Of course if you're a flamboyant homophobe like Roderick Meredith (author of that 1961 classic The Shocking TRUTH about "QUEER" Men!"), or any of the usual gang of commentators with an Ambassador College non-qualification, the very term "gay Christian" might well be an oxymoron. The reality is that a number of gay individuals have played prominent roles in the Church of God over the years. More often than not, though, their experiences have paralleled Troy Fitzgerald's as he documents it in Cults and Closets.

In the first post Miller simply poses a series of questions. The cumulative effect however is telling. There's enough here to fuel an ongoing discussion for months on end. See A Few Questions about God and Homosexual Behavior.

Now, in a follow-up post, he addresses a recent "Armor of God" telecast on the subject from the Church of God, International (no, despite appearances to the contrary they're not extinct, just endangered). Miller makes an interesting distinction between lifestyle choices and the characteristics that are part of who we are.
Your attraction to the opposite gender is a natural part of who you are - it is a characteristic of you. Think about it for a moment. Do you remember ever making a decision to be a heterosexual? When you started into puberty, were you torn between same sex attraction and an attraction to the opposite sex? OR Did an awareness of and attraction to the opposite gender come naturally to you? Do you remember a time when you decided that Jill was desirable and Jack wasn't? Do you remember deciding that breasts were more attractive than pecs?
To be sure, one does have lifestyle choices to make in the realm of sexuality. One can choose to be celibate, monogamous, polygamous, promiscuous or faithful. We all make choices in this regard. One can choose to associate or disassociate sex and love. You can decide to live the lifestyle of a playboy or to be the faithful husband of one wife. These are choices... I think that it is safe to say that you never made a decision to be a heterosexual. You didn't wake up in college one day and decide "I think I'll like girls." Isn't sexual attraction a natural part of who you are?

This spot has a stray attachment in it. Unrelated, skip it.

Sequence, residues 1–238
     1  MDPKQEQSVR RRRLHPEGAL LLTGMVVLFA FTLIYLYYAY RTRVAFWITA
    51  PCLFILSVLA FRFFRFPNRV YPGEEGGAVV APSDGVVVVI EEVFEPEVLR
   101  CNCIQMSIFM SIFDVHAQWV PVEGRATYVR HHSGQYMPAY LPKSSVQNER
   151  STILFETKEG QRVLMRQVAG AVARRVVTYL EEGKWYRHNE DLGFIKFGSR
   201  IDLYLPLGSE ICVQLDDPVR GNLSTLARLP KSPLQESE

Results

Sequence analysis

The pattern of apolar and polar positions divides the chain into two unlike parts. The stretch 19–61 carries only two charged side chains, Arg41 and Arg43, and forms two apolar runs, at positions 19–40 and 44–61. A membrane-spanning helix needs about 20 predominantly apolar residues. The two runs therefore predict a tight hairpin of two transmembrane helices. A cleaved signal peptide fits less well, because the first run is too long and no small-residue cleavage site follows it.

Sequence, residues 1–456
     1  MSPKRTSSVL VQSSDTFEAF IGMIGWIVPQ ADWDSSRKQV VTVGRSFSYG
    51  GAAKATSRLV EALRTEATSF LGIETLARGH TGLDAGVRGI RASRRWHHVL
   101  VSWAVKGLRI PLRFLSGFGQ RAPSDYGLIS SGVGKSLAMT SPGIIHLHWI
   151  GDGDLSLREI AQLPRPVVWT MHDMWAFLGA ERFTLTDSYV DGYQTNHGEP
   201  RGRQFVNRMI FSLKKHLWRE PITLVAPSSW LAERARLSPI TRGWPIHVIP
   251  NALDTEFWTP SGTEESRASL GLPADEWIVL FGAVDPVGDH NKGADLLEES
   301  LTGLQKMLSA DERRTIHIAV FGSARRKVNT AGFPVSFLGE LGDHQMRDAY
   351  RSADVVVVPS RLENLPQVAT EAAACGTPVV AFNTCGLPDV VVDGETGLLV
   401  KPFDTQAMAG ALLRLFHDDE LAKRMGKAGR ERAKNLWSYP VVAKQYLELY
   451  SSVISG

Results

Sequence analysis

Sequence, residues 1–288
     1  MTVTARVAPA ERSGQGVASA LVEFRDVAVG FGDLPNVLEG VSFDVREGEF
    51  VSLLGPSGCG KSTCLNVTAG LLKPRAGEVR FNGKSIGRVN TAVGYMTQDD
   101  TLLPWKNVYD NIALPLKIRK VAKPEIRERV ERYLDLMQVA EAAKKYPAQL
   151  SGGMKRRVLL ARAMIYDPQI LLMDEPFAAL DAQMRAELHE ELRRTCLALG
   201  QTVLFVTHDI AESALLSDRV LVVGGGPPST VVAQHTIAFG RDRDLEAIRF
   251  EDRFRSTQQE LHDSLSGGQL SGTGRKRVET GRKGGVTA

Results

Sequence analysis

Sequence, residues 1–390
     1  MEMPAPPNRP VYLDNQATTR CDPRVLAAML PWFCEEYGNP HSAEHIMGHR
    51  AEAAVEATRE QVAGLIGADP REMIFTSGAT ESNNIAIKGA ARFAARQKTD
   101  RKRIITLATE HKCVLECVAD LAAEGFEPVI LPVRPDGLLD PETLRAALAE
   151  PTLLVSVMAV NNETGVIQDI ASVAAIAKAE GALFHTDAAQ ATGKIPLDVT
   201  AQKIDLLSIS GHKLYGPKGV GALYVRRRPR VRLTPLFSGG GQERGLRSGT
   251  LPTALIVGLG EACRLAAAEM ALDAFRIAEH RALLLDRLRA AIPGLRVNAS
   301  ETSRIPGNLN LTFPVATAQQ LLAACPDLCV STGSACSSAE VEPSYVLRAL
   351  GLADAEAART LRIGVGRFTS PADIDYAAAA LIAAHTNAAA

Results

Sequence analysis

The full post is available here.

It's a subject that deserves an airing, and while it has become an obsession in more mainline churches, there has been little in the way of reasoned debate in either the Armstrong churches or ex-member forums - other than the expected rants. The place to join this discussion is over on God Cannot Be Contained rather than here, so for this once comments have been disabled. Click across to have a say.

Wednesday, 18 February 2015

Scholarship and Apologetics

James McGrath asks whether you can be both an apologist and a scholar. As usual any discussion of this sort must contend with the slippery nature of words, and in this case the floor is littered with banana skins, so please forgive the over-simplifications in what follows.